The Stress Resilient Mind Blog
The Man Who Couldn't Feel Anxious
Is anxiety a brain-based or body-based experience?
I recently watched a TV documentary that shed some interesting light on this question.
The BBC's "Incredible Medicine: Dr Weston's Casebook" showcased a man named Jordy Cernik who apparently feels no fear at all. I couldn't find a video clip but here is a written piece telling Mr Cernik's story.
The story in brief: Jordi developed a rare condition, Cushing's syndrome, which causes hormone production in the adrenal glands to go haywire, necessitating their surgical removal in Jordi's case. Soon after, Jordi noticed he'd completely lost the capacity to feel fear, and has since gone on to raise lots of money for charities by performing various terrifying feats.
On the face of it, this is highly surprising because the adrenal glands are only one means available to the brain for generating a "fight-or-flight" response in the body. The other major route is the sympathetic nervous system (part of the autonomic nervous system). Sympathetic activation is actually what triggers adrenalin release, but it can also independently raise heart rate, trigger sweating in the hands, etc.
Moreover, Jordi's brain was still in tact. I think most people would assume that the experience of anxiety would be reflected in a pattern of brain activity, at least as much as a bodily arousal.
So you'd still expect Jordi to feel some fear, albeit maybe blunted by the lack of adrenalin and cortisol.
In the BBC programme, Jordi is filmed abseiling vertically down a tower hundreds of feet high, while a researcher monitors his skin conductance. Biofeedback aficionados may recognise skin conductance as a highly sensitive indicator of anxiety, or at least of the fight-or-flight response. You'd expect a sudden leap in skin conductance when you step off a building - driven by increased sweating in the skin linked to sympathetic activation.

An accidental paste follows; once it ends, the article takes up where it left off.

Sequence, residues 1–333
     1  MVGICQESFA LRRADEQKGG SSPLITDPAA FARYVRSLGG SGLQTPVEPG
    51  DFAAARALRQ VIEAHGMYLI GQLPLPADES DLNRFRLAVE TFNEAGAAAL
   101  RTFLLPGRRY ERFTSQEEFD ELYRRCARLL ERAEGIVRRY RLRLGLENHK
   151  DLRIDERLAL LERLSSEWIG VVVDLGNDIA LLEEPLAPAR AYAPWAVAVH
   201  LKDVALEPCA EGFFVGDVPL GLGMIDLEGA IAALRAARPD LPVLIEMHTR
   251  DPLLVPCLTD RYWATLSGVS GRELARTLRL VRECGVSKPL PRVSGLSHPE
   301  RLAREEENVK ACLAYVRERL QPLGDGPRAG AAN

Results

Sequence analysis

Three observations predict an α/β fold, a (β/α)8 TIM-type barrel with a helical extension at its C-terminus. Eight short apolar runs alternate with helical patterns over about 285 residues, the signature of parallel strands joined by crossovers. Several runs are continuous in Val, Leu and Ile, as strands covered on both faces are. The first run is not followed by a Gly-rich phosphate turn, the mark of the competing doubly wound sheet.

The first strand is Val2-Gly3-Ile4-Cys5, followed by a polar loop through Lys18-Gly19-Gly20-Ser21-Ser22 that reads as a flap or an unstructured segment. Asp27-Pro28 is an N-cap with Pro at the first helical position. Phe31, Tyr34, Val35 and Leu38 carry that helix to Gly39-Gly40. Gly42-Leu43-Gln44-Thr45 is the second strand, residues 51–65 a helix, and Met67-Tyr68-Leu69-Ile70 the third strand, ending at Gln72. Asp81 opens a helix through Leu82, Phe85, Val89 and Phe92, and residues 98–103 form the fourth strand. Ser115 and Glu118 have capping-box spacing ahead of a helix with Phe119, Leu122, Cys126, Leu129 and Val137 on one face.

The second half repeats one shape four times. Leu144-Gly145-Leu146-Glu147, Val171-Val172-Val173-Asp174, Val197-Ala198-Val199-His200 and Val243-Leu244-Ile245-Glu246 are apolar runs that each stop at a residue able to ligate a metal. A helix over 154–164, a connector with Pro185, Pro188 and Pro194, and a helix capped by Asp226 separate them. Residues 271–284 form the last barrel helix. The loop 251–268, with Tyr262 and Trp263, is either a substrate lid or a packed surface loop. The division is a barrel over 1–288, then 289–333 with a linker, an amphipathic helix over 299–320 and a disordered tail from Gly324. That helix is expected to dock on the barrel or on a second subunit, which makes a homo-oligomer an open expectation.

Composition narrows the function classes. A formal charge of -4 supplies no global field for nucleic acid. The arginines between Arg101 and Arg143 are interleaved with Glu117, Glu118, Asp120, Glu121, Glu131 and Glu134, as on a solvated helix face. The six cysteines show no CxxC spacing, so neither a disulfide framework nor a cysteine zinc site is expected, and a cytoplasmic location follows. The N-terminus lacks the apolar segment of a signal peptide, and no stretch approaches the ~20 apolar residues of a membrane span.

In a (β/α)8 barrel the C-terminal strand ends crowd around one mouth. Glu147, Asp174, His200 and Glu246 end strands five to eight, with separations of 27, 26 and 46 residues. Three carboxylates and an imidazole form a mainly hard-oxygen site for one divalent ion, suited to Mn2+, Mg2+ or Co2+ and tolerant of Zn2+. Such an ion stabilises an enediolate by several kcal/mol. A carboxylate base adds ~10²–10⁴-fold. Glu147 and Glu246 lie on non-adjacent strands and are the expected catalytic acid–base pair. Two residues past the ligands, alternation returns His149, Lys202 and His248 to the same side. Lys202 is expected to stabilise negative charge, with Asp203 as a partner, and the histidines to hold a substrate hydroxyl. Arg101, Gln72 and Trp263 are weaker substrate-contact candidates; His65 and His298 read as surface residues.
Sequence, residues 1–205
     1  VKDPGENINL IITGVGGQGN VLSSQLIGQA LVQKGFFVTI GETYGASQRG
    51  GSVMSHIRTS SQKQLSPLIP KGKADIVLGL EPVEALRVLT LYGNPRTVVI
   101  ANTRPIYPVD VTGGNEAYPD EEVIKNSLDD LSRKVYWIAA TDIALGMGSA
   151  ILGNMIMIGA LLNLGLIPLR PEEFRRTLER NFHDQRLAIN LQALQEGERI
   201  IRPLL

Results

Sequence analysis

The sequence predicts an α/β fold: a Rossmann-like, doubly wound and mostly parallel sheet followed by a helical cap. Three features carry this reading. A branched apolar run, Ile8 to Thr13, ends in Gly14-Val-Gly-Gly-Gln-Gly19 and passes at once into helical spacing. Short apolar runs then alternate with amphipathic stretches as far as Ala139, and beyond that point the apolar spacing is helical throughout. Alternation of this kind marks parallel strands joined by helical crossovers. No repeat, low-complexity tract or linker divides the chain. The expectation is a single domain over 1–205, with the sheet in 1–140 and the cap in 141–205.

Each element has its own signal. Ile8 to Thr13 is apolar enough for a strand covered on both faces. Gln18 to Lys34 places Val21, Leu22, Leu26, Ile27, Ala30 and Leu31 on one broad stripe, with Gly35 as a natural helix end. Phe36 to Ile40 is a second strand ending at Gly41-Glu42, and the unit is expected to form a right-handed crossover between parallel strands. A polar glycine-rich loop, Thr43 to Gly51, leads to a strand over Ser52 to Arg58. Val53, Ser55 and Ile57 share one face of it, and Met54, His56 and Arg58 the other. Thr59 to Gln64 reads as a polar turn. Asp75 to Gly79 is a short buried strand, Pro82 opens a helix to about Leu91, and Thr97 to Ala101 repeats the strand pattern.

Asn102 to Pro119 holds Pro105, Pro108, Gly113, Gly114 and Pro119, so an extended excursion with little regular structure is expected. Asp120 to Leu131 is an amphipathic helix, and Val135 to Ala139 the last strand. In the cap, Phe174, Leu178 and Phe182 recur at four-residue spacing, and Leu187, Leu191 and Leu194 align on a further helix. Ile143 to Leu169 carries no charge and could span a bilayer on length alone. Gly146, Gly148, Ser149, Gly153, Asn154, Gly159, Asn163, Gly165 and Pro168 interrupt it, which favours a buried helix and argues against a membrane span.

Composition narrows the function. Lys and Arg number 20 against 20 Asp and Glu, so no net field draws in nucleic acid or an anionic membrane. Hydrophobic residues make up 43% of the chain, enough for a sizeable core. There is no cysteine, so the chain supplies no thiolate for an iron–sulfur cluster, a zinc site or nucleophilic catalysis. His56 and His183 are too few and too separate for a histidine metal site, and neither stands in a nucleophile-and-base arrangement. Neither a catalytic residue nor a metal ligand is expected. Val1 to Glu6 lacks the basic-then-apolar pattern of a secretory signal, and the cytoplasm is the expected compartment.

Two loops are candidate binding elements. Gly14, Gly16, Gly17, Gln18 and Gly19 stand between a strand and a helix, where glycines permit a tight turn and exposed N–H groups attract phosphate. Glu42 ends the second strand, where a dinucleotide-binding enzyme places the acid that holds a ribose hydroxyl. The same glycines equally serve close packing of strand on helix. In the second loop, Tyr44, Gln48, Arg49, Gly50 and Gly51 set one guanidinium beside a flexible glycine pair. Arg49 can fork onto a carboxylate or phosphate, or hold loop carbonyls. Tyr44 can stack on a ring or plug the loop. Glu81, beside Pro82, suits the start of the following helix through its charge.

But Jordi showed virtually no skin conductance response at all, backing up his claims to experience no fear.
Even if he were feeling excitement rather than fear, you'd expect a jump in skin conductance. The difference between excitement and anxiety is less to do with the actual body response (the two are pretty similar there) and more to do with the interpretation: anxiety is when you don't want the experience and try to resist it, while in excitement you welcome it.
Jordi still new when he should be feeling fear (which is fortunate, as he can then avoid making bad decisions). In his brain, the amygdala are still in tact - these are well-known brain structures associated with fear. What they actually do is only the triggering of emotional responses. In Jordi's case the alarm was presumably still sounding but it was more like a fire alarm test - nobody runs screaming from the building.
What had happened to Jordi's fear systems? I don't suppose anyone really understands, but it looks like a complete loss of regulatory feedback control. Normally there's a loop between the adrenals and the brain whereby they mutually influence each other. It seems for Jordi the lack of response from the adrenals meant the whole circuit shut down.
(Actually, what the BBC programme doesn't make clear but the above newspaper article does, is that there were complications for Jordi's surgery, including some brain surgery.)
The main point of interest for me is that the body response is very much a significant part of the neuroscience of emotion - it looks like maybe the brain can't generate fear on its own.
What are the implications for biofeedback and neurofeedback? Sometimes I suspect there's a presumption that neurofeedback (which is of course biofeedback that directly uses measures of brain activity, rather than "downstream" indicators such as HRV) is more like the real deal, because the brain is the key. But for me the moral of Jordi's story is that emotion is very much a product of the communication loop between brain and body, and to make a difference you only need to affect the loop somewhere. Personally I prefer "peripheral" biofeedback because it's quicker and the link to subjective experience is more apparent.
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